Issas was too distracted to notice the goddess taking some of her magic. In her grief and anger, she pulled a rib from inside her chest, where it had failed to protect her broken heart, and used it to form a wall of bone between Sset’s demesne and all the others. Then she laid herself down in front of that barrier to link her own flesh with the blood of the River Siriss, and thus she became the last demesne, the Land of Devotion and Sacrifice, an empty wasteland where even Sset’s winds tiptoe to avoid making a sound that might awaken the giant, angry worms that burrowed into her flesh and feasted upon it, rising from the sands to eat anything that attempted to cross the wasteland.

Ss’bek’s children finally returned to their lands to take up rule over their own demesnes again, and for a time, Sekhmet contented herself with ruling over the endless sands that were all that remained of her destroyed demesne.

Ss’bek Ssa went on a journey to retrieve the sun so that he might begin the day again, and when he found it and spit it across the sky, he sent it flying so high that the sun took many months to come down, and thus came the season of Light That Remains Unswallowed.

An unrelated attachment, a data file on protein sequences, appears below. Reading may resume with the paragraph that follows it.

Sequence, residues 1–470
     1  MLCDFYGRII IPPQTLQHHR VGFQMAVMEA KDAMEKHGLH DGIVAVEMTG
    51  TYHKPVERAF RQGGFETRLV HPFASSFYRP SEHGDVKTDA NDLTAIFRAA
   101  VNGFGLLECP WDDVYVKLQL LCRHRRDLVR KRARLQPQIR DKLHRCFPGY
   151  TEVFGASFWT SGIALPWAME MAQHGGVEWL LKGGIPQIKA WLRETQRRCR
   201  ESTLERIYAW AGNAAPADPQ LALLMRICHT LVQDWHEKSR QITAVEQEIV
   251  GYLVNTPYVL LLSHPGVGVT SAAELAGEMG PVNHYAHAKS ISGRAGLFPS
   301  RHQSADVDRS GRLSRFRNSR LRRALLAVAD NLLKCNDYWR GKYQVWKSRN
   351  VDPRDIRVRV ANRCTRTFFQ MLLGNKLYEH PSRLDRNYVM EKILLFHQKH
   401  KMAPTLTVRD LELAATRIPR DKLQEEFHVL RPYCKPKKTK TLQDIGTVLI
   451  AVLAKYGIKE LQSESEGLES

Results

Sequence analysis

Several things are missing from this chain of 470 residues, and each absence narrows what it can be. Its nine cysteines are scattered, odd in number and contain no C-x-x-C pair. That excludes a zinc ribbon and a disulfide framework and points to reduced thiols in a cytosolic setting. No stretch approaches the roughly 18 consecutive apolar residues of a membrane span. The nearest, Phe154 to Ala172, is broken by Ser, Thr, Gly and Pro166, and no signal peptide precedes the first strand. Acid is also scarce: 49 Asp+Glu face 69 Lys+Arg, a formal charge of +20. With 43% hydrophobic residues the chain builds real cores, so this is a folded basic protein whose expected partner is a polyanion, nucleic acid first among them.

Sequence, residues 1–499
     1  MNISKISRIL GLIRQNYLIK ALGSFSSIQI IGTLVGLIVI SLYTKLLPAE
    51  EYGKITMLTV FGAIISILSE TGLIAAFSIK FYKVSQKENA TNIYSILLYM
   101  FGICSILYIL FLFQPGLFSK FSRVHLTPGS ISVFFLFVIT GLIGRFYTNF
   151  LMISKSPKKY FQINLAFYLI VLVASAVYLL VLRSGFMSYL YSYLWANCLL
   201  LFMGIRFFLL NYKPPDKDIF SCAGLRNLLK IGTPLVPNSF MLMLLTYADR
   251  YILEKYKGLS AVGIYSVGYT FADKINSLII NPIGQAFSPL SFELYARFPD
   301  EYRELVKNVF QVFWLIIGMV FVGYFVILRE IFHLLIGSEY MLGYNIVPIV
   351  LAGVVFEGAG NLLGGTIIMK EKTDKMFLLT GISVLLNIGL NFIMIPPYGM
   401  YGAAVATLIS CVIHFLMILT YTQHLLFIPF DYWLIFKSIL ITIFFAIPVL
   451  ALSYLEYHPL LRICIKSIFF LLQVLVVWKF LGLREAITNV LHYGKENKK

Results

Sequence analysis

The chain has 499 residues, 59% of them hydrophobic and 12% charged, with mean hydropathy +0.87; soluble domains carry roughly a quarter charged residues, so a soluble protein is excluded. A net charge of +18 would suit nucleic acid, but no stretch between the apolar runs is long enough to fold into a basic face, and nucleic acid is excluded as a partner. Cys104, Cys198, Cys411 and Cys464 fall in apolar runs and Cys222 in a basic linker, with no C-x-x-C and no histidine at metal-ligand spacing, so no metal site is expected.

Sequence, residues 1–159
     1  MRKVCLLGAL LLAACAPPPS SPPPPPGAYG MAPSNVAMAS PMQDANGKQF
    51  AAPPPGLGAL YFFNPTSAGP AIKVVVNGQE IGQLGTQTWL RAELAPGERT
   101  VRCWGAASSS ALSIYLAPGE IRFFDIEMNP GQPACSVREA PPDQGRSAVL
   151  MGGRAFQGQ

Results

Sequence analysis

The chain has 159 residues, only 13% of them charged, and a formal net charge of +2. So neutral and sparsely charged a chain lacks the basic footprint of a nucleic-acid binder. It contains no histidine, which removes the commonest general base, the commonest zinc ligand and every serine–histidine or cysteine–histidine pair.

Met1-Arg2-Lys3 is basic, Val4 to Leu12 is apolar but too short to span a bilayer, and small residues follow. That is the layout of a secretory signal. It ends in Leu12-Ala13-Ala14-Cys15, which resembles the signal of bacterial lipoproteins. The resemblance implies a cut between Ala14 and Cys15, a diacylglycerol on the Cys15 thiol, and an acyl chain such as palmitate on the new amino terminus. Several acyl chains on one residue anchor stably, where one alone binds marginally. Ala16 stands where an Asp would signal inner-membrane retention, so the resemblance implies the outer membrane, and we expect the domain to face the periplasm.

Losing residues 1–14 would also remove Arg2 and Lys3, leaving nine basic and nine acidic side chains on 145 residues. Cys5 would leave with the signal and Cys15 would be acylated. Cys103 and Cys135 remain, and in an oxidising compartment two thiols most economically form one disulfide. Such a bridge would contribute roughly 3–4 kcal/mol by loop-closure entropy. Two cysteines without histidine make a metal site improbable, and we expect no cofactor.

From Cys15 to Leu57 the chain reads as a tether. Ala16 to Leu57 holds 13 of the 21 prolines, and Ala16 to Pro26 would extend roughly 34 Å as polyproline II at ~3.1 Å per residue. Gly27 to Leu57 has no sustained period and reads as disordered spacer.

Then he reclaimed the sun again and brought the days back to normal, but he kept the two seasons that had been created from the war so that none of the people would ever forget his importance.

And then all was good and right in the Land of Endless Sorrows, but unbeknownst to Ss’bek, his daughter Sekhmet still harbored war in her heart, and the peace of the land chafed upon her like sand beneath the skirt. With the twelve crystals of her grandmother’s magic, Sekhmet gave her mortal daughters the power to control the elements, even the dark power of Sset himself, and then she trained an army of incomparable swordsmen to protect and guard her priestesses, and thus began the era of the Kanta Sari’i (SAH-rye), who marched across the Lands, invading and conquering demesne after demesne because Sekhmet coveted those rich lands that she herself no longer ruled over.